Sunday, 23 December 2007

Shareholder activism: theory and practice

Shareholder activism in theory ought to be a straightforward and commonly utilised strategy. If the owner of a public company thinks that it is being run in a way that destroys value (or threatens to) then they should engage with the management of the business to bring about change. Concerns about the threat to value might involve company strategy, corporate governance or even social or environmental concerns. But in theory it should be in the shareholders' self-interest to engage with management. Afterall, they are the owners, it is really their business.

In practice things are very different. For one, neither company management nor investors (again I'm talking fund managers here) seem to really consider the latter as 'owners' in any meaningful sense. They all pay lip service to the theory, but on a day-to-day basis it seems to be taken for granted that investors are principally traders rather than owners.

There are some rational explanations for this from the investor point of view. For example there is the 'free rider' issue. If a shareholder does engage with a given company, and as such prevents value destruction (or even creates value) than ALL shareholders gain by this, not just them. So, from a fund manager's point of view, why incur the cost of doing something that benefits your rivals.

If you think that line of thinking is problematic consider another one. For example, if a fund manager has concerns about a certain company they may well underweight it relative to that company's standing in a given index. If the manager is also underweight in that company relative to its peer group then it is actually in its short-term interest for the company to perform badly. It will hurt that fund manager's performance, but it will hurt their rivals more.

A more straightforward explanation is that it may simply be easier in the fund manager's mind to underweight or even sell out of a given company than engage with it.

There are of course exceptions. Investors like Hermes and Governance for Owners base their whole pitch to pension funds on the basis that they will engage, and on a serious basis. For example their focus funds will do the opposite of the process above and take an overweight position in a company that they believe has problems. By using the leverage of their increased stake they try to convince the management to change direction, alter the governance of the company etc. By doing so they aim to benefit from the value created by improving the company.

But most fund managers do not, in my opinion, operate anything like that. Although most managers now employ staff to work on corporate governance they typically seem to be quite separate from the portfolio managers. Their principal activity is voting shares, typically with a view to encouraging compliance with the Combined Code or comparable standards overseas. Now this is certainly an improvement from the situation in even the recent past where some fund managers did not vote at all. But simply pushing for compliance with a certain set of standards clearly has its limitations. It's a bit like a school inspector focusing on whether the right curriculum is being taught, rather than the quality of teachers, or the school's actual exam results (as misleading as such stats might be...).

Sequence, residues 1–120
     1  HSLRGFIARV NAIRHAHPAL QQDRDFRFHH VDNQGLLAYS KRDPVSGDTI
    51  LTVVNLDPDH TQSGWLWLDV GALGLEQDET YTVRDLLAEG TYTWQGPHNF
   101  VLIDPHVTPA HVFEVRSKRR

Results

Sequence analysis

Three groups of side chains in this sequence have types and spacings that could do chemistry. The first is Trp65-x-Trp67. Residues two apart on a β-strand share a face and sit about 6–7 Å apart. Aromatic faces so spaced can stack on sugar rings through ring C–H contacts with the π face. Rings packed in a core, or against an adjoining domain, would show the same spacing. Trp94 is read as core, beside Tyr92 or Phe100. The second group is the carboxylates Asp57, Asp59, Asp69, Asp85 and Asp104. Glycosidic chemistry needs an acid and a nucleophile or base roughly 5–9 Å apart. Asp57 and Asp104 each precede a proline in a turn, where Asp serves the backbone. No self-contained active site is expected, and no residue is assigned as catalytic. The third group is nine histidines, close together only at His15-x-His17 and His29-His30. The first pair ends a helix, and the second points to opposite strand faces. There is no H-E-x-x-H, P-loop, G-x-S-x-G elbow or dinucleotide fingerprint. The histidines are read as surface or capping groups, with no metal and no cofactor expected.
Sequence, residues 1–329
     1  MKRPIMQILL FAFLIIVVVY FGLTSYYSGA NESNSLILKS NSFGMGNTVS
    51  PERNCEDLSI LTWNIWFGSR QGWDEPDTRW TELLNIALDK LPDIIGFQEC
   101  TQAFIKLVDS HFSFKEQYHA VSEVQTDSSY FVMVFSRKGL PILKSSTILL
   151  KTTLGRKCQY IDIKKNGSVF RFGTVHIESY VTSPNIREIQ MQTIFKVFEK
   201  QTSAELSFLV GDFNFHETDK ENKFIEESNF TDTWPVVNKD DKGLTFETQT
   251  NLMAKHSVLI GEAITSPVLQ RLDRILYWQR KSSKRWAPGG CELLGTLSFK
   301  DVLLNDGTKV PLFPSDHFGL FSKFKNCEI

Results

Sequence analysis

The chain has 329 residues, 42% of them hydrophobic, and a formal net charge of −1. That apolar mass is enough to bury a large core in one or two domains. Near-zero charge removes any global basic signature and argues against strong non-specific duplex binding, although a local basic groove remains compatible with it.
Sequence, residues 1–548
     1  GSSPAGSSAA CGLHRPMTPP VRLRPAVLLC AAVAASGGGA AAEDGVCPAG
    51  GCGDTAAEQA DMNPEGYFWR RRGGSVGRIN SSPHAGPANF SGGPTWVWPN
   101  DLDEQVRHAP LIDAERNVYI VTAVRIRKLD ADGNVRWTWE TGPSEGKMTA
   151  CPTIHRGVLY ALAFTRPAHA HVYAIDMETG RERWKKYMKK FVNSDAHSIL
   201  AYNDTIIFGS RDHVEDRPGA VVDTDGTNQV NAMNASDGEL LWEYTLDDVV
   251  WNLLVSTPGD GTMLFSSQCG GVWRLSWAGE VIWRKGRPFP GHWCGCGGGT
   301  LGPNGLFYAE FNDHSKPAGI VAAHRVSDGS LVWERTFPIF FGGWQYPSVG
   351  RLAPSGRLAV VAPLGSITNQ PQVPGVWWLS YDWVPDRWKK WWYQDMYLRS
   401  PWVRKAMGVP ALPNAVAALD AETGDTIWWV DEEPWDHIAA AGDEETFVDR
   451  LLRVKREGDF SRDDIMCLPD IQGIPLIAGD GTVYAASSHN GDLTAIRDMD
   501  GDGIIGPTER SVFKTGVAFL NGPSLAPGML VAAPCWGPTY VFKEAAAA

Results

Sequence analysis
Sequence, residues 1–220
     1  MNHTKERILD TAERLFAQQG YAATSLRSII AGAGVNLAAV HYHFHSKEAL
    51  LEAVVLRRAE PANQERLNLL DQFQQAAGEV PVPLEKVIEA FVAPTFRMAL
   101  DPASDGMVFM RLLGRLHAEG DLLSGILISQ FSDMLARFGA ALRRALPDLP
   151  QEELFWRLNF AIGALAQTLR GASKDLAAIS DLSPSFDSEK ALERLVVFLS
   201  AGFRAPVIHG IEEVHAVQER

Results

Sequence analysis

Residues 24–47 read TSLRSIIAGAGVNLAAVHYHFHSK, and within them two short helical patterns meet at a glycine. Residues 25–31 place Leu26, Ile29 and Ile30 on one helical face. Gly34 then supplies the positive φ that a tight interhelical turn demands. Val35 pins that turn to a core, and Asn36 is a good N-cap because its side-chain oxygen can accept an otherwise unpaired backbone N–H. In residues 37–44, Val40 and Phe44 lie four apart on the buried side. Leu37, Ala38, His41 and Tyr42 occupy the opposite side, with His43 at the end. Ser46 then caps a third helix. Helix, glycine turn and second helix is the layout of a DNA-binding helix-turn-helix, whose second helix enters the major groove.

This leads me to think that some fund managers undertake this activity because they think they need to be seen to be doing it, rather than because they genuinely believe it has value. They are traders who feel compelled to exhibit some basic signs of being interested in ownership. I'm not doubting the sincerity of people who work in the corporate governance teams of such investment houses, rather I wonder how seriously the leadership of such organisations take such issues.

As I have said before I think one of the reasons the ownership bit of shareholding malfunctions like this is because of the delegation of power from the ultimate investors (us, or our trustees) to professional fund managers. It is another version of the principal-agent problem. And I actually think that fund managers are doing pretty much what we are telling and paying them to do. The main message that they get from pension fund trustees is that performance is very important, and poor performance will result in them getting the sack. Corporate governance and social responsibility are very much an afterthought, and not considered at all by some trustees. In such a scenario it's not unreasonable that fund managers prioritise trading to deliver returns over engagement. Therefore until trustees change the signals that they send to their investment managers this situation will likely continue.

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